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Home to the Hoover Dam, Nevada is the seventh largest of the 50 states and offers a sea of attractions such as Las Vegas. However, there’s more to Nevada than just the flashy lights of Vegas. Those who choose to make Nevada their home should be aware that hazardous levels of radon affect 1 in every 6 U.S. homes. Even if your neighbor receives a low radon test result, that does not indicate what your home level will be. The U.S. EPA recommends that homes should be tested every two years, regardless of construction, home age, or previous test results.

Should I Worry About Radon Levels in My Nevada Home?

If you aren’t quite sure what radon is, it is a radioactive gas that is colorless, odorless and tasteless. If your home tests at or over the EPA’s “take action” guideline of 4pCi/L, you and your family may be at an increased risk of lung cancer and other health conditions.

One in 4 Nevada homes has hazardous radon levels, with the average indoor radon level for this state of 3.67 pCi/L – much higher than the national average of 1.3 pCi/L, One of the highest radon levels found in Nevada was 195 pCi/L, indicating a severe radon issue.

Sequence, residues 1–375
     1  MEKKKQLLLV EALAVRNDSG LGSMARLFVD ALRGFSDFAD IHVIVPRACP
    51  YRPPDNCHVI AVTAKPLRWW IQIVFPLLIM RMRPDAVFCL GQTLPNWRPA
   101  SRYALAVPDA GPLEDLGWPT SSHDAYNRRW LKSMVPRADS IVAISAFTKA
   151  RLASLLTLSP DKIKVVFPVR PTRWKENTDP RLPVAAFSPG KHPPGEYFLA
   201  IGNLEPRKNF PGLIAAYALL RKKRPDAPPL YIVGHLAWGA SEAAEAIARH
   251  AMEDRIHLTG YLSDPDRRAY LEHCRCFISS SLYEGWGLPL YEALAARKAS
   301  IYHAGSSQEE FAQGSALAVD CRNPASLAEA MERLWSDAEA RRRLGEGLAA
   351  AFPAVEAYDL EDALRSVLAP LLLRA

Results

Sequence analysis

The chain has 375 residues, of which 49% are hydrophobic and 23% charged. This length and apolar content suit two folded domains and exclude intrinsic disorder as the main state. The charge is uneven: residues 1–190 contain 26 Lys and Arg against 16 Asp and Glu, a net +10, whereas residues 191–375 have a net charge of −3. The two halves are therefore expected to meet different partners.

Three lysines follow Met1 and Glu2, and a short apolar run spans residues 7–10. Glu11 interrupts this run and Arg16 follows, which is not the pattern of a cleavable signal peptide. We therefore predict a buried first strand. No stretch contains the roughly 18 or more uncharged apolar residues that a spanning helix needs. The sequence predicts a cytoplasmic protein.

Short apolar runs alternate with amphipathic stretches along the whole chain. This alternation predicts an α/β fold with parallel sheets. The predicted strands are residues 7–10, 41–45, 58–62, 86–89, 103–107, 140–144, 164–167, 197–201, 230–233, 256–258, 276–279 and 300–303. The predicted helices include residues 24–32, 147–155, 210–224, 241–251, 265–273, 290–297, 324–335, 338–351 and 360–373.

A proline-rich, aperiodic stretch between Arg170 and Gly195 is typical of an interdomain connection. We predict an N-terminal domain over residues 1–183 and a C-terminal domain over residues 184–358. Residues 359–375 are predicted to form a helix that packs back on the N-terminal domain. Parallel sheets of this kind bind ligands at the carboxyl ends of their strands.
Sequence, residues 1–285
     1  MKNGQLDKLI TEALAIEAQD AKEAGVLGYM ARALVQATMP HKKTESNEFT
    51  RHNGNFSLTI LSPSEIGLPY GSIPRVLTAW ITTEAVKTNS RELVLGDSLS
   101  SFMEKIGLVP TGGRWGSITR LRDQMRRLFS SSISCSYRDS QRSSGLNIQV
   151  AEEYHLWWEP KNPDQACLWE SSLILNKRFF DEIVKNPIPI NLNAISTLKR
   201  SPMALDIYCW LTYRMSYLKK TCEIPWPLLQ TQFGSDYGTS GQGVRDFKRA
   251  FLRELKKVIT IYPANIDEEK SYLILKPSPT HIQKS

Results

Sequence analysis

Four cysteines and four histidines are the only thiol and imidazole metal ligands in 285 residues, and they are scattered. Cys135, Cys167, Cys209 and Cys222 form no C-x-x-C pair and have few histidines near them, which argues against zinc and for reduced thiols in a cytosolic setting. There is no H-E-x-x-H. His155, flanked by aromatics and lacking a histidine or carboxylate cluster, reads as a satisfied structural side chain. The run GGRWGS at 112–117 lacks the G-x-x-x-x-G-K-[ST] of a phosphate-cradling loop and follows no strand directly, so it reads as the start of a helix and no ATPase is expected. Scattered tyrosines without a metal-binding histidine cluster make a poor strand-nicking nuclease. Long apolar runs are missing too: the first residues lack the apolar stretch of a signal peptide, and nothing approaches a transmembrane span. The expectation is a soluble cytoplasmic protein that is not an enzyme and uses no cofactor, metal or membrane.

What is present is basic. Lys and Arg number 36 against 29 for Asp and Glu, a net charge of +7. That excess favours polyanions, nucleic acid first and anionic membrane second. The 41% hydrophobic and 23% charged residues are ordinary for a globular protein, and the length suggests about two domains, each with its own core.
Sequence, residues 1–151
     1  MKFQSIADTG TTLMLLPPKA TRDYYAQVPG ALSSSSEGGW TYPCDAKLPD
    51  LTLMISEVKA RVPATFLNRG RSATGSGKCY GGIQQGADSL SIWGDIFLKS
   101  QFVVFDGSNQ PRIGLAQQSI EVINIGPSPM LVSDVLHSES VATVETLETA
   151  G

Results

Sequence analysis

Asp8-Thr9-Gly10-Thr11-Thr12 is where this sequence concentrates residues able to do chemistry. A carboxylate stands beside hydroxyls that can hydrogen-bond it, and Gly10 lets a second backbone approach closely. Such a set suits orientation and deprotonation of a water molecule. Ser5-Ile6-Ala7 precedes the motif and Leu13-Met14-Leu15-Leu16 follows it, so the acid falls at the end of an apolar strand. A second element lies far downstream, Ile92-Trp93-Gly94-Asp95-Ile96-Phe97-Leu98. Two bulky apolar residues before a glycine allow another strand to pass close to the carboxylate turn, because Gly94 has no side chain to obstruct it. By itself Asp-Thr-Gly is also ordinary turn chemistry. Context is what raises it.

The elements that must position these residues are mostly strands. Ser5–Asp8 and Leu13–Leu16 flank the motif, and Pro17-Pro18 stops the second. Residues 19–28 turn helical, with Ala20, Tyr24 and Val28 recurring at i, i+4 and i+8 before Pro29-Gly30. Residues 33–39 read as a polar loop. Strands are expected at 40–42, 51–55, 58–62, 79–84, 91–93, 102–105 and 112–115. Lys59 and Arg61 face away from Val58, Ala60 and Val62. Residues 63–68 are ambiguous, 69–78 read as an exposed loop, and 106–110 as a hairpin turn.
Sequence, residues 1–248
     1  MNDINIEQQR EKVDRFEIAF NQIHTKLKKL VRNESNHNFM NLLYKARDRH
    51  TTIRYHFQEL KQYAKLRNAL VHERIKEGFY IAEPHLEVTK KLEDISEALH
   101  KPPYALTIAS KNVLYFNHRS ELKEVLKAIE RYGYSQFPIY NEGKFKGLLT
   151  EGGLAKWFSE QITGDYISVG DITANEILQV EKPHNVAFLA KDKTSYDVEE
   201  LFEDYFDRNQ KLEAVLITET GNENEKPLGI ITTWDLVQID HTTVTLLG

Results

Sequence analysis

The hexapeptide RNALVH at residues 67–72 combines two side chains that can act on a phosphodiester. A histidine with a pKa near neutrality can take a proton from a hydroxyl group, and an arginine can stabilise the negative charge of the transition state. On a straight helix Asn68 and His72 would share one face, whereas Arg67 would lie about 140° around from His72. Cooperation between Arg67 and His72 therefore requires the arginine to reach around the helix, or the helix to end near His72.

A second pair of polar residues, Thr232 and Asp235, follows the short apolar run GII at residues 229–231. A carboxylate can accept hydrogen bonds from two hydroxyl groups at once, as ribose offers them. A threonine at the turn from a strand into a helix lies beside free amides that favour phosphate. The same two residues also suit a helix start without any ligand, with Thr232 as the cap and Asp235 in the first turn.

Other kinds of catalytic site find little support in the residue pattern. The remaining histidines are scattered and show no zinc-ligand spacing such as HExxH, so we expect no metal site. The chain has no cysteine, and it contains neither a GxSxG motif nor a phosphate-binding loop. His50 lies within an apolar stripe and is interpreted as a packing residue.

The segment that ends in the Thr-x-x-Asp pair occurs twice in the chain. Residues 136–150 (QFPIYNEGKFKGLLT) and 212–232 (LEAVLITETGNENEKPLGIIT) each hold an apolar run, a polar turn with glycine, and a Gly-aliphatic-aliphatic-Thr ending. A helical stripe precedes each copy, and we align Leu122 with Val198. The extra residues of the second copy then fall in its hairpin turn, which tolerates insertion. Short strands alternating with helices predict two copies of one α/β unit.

Of the 17 Nevada counties, 7 are EPA radon zone 1, indicating the highest potential for hazardous radon levels. Homes in areas of the state near mountain ranges with large amounts of granite may be at a greater risk for elevated radon.

It has been reported that 65% of homes in South Lake Tahoe have levels above 4 pCi/L. In a study conducted by the University of Nevada, levels on the east shore were high in 67% of cases.

What Can Be Done to Reduce Radon Levels in Nevada

Radon levels in Nevada can be reduced through radon mitigation. RadonAway works with a network of radon contractors who have years of experience lowering radon levels in Nevada homes. Using the proper techniques and equipment, these certified Nevada radon mitigators will get the job done correctly and in a timely manner.

The best way to reduce radon levels in your home is by going through a qualified professional radon contractor. If you install a system yourself, you could install in incorrectly and actually increase your family’s radon exposure. A qualified contractor will use their expertise to design an effective system that is specific to your home. Fill out our form below to get in touch with a radon mitigator.